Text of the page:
The Avengers: We have a Hulk.

The Avengers: We have a Hulk.

No one needs to be told now that The Avengers is unbelievably good, that its in its cinematography, characters, and its sheer awesomeness it has permanently raised the bar for movies, maybe even a la Star Wars. As any geek worth her stake knows, Joss Whedon was the mastermind behind the movie. Whedon is known for all of the aforementioned strengths, but he is also known for his unapologetic feminist stance and his careful attention to gender.

The Avengers has only one serious woman character, that of Black Widow. She is everything that makes a female action star an actual star, without turning into a Lara Croft caricature. She is utterly in control of any situation, both emotionally and physically. She can manipulate gods and look unbelievably hot in a dress, while showing bad guys where they can shove it and clearly maintaining a serious emotional connection with Hawkeye. To all future directors, I beg you to use Black Widow’s character in this movie as a model for every future woman action lead.

But Avengers is really a movie about masculinity. The traditional masculine hero is Brad Pitt or Mel Gibson, a gorgeous, strong man who listens to no one’s authority but his own and travels through the world without letting it touch him or harm him. Yes, James Bond has his ladies, and most other heroes have some sort of emotional connection with a woman to humanize them, but as a whole they do not let their feelings get in the way. A true man is an island.

Whedon uses Avengers to blow this idea apart. The only people who stand alone are Fury and Loki. Loki’s inability to relate to people leads him to choose defeat over surrendering to his brother, and Fury’s manipulative character, his emotionally mercenary character, permanently sunders him from any real attachment. He’s the person who can dip a friend’s prized possessions in blood to use as emotional blackmail.

The heroes of the Avengers were usually protagonists in their own movies, fought the good fight and got the girl. Now they are all thrown together and told to work as a team, and immediately begin to rub each other wrong. They argue constantly, and it’s easy for Loki to begin a crisis which separates them. Having been unable to deal with each other on a personal level, they are literally separated and forced to fight smaller battles. The team comes out as decided losers.

And that’s where Phil comes in. It’s not heroic need or egotism (I’m looking at you Stark) or battle fury that makes the team come together. No female love interest or family member is threatened or killed, triggering an assertion of masculinity and vengeance. It is Phil, who was a good man, who believed in them, who brings them together. They mourn him together, and it is through this emotional bond that they are able to find unity.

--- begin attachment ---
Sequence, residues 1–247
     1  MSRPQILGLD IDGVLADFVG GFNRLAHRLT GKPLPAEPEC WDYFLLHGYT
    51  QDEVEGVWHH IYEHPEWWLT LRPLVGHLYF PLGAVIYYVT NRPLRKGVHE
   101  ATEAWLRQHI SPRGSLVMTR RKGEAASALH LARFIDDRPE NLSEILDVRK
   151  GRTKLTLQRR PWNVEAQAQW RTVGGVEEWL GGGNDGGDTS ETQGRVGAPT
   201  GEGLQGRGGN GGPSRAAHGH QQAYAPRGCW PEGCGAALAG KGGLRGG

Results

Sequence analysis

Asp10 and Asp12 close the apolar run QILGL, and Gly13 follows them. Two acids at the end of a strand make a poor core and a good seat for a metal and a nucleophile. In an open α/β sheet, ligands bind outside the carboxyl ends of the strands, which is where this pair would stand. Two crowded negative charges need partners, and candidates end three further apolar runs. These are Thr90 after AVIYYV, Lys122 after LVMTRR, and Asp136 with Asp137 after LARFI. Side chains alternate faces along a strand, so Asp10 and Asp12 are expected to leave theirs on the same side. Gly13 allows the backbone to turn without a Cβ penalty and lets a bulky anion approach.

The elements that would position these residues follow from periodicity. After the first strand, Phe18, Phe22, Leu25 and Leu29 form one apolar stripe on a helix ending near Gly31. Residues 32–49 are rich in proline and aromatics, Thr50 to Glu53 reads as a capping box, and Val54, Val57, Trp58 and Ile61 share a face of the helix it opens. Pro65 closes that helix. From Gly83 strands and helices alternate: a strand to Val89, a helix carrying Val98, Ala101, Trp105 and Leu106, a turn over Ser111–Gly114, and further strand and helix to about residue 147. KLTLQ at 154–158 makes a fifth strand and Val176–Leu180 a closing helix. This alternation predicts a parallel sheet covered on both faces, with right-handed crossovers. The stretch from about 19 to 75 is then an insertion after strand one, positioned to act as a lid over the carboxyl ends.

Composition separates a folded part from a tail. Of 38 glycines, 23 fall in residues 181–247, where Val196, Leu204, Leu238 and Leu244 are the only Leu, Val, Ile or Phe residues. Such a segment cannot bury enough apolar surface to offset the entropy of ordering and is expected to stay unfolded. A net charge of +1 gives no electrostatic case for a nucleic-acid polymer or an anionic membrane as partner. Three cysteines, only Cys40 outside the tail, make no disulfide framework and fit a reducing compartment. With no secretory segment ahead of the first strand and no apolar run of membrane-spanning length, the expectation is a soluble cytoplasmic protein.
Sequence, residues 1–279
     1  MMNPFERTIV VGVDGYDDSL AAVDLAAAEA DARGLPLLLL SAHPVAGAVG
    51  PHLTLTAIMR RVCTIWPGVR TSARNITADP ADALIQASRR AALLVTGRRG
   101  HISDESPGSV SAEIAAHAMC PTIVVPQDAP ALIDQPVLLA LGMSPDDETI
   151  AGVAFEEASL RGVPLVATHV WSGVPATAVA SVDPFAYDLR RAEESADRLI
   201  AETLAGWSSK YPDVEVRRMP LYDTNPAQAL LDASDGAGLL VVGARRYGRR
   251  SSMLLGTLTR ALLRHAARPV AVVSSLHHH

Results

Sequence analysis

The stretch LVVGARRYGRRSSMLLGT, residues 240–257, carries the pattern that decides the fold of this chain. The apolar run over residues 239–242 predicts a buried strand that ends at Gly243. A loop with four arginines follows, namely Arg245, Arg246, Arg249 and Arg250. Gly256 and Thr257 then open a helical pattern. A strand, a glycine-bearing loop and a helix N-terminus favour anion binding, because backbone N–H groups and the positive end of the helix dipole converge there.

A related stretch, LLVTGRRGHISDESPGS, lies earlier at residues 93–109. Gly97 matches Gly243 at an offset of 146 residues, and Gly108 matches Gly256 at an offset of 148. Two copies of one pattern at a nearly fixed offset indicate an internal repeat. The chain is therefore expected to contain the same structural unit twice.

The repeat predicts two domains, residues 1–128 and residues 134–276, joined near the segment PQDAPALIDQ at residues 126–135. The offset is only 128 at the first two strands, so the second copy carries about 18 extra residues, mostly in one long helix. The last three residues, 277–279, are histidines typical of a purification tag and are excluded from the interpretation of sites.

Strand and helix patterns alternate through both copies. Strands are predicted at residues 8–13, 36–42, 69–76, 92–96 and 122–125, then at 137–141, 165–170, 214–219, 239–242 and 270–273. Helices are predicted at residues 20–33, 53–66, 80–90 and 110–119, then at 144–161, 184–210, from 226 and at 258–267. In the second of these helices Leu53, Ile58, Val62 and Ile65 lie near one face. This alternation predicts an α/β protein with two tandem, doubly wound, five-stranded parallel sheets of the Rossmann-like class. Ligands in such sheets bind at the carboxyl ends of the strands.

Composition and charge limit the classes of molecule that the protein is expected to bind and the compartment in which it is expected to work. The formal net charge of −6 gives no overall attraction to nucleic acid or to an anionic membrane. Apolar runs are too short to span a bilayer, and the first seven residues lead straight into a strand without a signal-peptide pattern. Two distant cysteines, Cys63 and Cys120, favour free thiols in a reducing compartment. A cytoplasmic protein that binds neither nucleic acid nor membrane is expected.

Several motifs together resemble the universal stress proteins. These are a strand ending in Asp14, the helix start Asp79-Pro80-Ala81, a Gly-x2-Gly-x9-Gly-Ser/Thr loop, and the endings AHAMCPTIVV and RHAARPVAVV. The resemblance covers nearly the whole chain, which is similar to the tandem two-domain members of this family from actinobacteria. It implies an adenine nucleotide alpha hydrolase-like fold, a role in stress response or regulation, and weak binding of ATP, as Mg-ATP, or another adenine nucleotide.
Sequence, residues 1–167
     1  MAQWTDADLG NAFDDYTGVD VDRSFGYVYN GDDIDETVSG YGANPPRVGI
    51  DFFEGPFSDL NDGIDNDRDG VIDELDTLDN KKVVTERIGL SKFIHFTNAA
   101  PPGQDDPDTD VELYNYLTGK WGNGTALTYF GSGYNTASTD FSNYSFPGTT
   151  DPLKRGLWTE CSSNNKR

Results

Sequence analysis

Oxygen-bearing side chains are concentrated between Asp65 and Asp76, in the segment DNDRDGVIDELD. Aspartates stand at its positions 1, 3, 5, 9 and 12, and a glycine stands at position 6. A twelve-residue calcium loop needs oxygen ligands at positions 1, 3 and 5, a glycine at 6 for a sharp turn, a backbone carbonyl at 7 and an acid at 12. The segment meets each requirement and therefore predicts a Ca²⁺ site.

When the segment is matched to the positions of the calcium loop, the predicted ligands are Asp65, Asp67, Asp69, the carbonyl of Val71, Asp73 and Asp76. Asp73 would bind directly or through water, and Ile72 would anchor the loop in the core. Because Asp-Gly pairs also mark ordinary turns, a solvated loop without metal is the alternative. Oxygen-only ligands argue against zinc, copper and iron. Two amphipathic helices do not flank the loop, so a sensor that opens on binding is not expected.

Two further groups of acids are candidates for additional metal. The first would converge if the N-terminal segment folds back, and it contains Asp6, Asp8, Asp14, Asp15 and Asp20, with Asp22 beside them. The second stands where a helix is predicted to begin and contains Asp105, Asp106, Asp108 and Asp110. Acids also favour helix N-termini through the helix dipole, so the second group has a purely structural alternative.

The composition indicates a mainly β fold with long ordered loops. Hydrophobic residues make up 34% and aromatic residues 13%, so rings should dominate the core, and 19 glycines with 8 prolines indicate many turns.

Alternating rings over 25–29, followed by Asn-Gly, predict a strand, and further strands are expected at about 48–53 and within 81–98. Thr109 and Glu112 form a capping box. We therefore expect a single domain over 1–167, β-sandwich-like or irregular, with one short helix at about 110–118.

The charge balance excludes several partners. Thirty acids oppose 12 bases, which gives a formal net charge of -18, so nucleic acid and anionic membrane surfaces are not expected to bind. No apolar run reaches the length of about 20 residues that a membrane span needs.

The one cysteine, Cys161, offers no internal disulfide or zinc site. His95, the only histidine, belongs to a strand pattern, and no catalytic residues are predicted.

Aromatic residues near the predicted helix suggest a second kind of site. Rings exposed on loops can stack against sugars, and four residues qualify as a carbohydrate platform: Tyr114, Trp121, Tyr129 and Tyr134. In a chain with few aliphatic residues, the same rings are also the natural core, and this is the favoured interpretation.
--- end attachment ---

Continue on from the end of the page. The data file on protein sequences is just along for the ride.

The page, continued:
And the film makes clear that unity, community, is the only way to victory. Each of the Avengers brings his or her own individual skills to the table; Hawkeye keeps an eye on the big picture and directs the stage, Captain America gives the orders and makes the plans, Black Widow spots the weak spot, Tony empathizes with Loki enough to figure out his plan and makes the sacrifice no one else can make (and also found the gang a good schwarma place—it’s after the last credits end), Thor deals with the long-term plan and throws lightning around—a useful skill—and Hulk smashes. Without all these abilities working in tandem, nothing would have worked. It is a tribute to Whedon’s skill as a writer and director that this dynamic can be felt in every frame of the climactic battle, that amidst all the CGI we never lose track of the characters and they never lose track of each other. It’s a bit hard to see with all the effects, but if you watch a second time around you can see that even though the Avengers are often separated, they are fighting as a seamless team. Without needing to talk, they fall into each other’s rhythms—Tony reflects missiles off Captain America’s shield, The Hulk stabs a scale into the monster and Thor smashes it deeper.

That is the ultimate message of The Avengers—that there is nothing unheroic in working as a team, that there is nothing emasculating about love or community. And to join a whole does not mean to lose your identity—each of the characters maintains their own identities, their own strengths. All Loki has is himself, all he will ever have is himself and his own pain, but scattered as the Avengers are at the end of the film, they will always be able to count on each other.

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